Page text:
Percy Sutton

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Percy Sutton
21st Manhattan Borough President
In office
September 13, 1966 – December 31, 1977
Preceded byConstance Baker Motley
Succeeded byAndrew Stein
Personal details
Percy Ellis Sutton

(1920-11-24)November 24, 1920
San Antonio, Texas, US
DiedDecember 26, 2009(2009-12-26) (aged 89)
New York City, US
Resting placeGates of Heaven Memorial Cemetery, San Antonio
Political partyDemocratic
SpouseLeatrice O'Farrel Sutton
Alma materPrairie View A&M University
Tuskegee Institute
Hampton Institute
Columbia Law School
Brooklyn Law School (LLB)
OccupationActivist in the Civil Rights Movement, entrepreneur, lawyer[1]
Military service
Branch/serviceUnited States Army Air Corps
Years of service1941-1945
Battles/warsWorld War II

Percy Ellis Sutton (November 24, 1920 – December 26, 2009) was an American political and business leader. An activist in the Civil Rights Movement and lawyer, he was also a Freedom Rider and the legal representative for Malcolm X. He was the highest-ranking African-American elected official in New York City when he was Manhattan borough president from 1966 to 1977, the longest tenure at that position. He later became an entrepreneur whose investments included the New York Amsterdam News and the Apollo Theater in Harlem.[1]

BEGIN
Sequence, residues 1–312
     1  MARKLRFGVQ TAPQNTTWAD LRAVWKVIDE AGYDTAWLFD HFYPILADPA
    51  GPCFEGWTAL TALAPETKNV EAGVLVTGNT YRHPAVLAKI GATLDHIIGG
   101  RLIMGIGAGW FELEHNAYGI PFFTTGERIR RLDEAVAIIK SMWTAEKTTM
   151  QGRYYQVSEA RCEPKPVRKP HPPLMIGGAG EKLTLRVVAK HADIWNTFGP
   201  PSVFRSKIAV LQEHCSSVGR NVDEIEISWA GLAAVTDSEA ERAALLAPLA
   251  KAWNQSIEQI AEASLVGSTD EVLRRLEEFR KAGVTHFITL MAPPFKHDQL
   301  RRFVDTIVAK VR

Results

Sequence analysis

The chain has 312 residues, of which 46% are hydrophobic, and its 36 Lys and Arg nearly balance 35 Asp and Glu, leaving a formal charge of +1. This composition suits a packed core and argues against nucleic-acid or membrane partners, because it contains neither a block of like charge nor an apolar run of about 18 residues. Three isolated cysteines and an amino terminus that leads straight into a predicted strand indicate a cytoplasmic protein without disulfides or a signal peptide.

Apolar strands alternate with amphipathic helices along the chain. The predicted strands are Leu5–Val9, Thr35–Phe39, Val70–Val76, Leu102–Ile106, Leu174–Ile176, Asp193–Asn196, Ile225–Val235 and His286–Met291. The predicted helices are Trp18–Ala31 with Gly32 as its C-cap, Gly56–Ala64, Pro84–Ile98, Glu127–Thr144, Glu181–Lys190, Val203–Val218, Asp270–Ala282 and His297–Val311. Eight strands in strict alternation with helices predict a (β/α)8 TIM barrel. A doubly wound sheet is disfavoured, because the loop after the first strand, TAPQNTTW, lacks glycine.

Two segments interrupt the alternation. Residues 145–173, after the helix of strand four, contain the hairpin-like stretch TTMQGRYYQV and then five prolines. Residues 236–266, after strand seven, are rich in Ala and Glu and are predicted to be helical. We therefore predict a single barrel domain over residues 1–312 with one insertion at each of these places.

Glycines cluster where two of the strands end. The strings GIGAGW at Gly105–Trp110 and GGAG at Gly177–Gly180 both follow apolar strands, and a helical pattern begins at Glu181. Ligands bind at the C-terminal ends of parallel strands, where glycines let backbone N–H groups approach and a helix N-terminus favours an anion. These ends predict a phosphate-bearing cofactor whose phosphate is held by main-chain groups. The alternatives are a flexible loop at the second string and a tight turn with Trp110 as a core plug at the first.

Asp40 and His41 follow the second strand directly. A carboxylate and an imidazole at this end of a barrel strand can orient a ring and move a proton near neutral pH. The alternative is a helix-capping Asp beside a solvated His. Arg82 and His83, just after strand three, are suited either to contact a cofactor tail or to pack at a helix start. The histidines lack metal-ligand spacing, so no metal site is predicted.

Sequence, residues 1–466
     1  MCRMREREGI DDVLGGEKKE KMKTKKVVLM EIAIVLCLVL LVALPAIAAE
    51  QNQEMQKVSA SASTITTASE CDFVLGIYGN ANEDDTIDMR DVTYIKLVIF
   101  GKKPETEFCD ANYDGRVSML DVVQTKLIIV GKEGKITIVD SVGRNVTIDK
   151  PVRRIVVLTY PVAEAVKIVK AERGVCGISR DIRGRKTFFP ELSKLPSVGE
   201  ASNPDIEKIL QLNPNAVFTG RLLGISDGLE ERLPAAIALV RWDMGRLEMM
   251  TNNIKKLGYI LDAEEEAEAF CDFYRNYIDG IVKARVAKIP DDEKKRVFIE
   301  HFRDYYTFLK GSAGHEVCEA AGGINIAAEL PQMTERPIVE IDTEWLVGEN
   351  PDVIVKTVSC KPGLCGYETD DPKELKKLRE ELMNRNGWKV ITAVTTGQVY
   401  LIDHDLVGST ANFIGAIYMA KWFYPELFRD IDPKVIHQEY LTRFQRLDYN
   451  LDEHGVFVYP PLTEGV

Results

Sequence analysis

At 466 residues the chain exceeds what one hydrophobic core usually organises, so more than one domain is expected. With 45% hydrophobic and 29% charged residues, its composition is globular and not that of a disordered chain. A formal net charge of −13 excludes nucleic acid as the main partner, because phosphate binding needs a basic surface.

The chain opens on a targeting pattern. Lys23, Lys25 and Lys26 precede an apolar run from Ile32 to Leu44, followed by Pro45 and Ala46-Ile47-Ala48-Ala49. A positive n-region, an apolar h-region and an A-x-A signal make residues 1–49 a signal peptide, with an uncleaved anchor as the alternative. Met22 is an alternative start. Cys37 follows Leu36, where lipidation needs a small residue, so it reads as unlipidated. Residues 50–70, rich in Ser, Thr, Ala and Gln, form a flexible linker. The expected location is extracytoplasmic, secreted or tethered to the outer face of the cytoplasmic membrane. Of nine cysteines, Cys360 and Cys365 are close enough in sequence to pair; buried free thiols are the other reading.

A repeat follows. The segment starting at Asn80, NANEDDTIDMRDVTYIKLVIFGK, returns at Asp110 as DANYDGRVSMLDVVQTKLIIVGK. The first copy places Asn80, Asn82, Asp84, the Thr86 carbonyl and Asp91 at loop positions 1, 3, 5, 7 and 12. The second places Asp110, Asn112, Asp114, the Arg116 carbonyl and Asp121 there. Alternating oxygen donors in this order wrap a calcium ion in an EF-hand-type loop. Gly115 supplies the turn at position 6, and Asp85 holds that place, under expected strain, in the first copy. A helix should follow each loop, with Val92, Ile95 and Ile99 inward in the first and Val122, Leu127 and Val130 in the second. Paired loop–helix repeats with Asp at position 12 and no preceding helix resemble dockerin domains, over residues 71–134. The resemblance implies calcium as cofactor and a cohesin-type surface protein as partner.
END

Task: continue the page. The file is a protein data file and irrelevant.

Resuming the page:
Early life, military service, education, and family[edit]

Sutton was born in San Antonio, Texas, the youngest of fifteen children born to Samuel Johnson ("S.J.") Sutton and his wife, Lillian.

His father, an early civil-rights activist, was one of the first black civil servants a teacher and school administrator in Bexar County, Texas, and used the initials "S.J." for fear his first name, Samuel, would be shortened to Sambo. In addition to being a full-time educator, S.J. farmed, sold real estate and owned a mattress factory, funeral home and skating rink.[2]

Sutton's siblings included G. J. Sutton, who became the first black elected official in San Antonio,[3] and Oliver Sutton, a judge on the New York Supreme Court.

At age twelve, Percy stowed away on a passenger train to New York City, where he slept under a sign on 155th Street in the Harlem neighborhood of the Manhattan borough of the city. His oldest sister, Lillian Sutton Taylor, who was 20 years his senior, was attending Columbia Teacher's College at the time. His oldest brother, John Sutton, a food scientist who had studied under George Washington Carver, and also in Russia, was living in New York at the time Percy arrived there.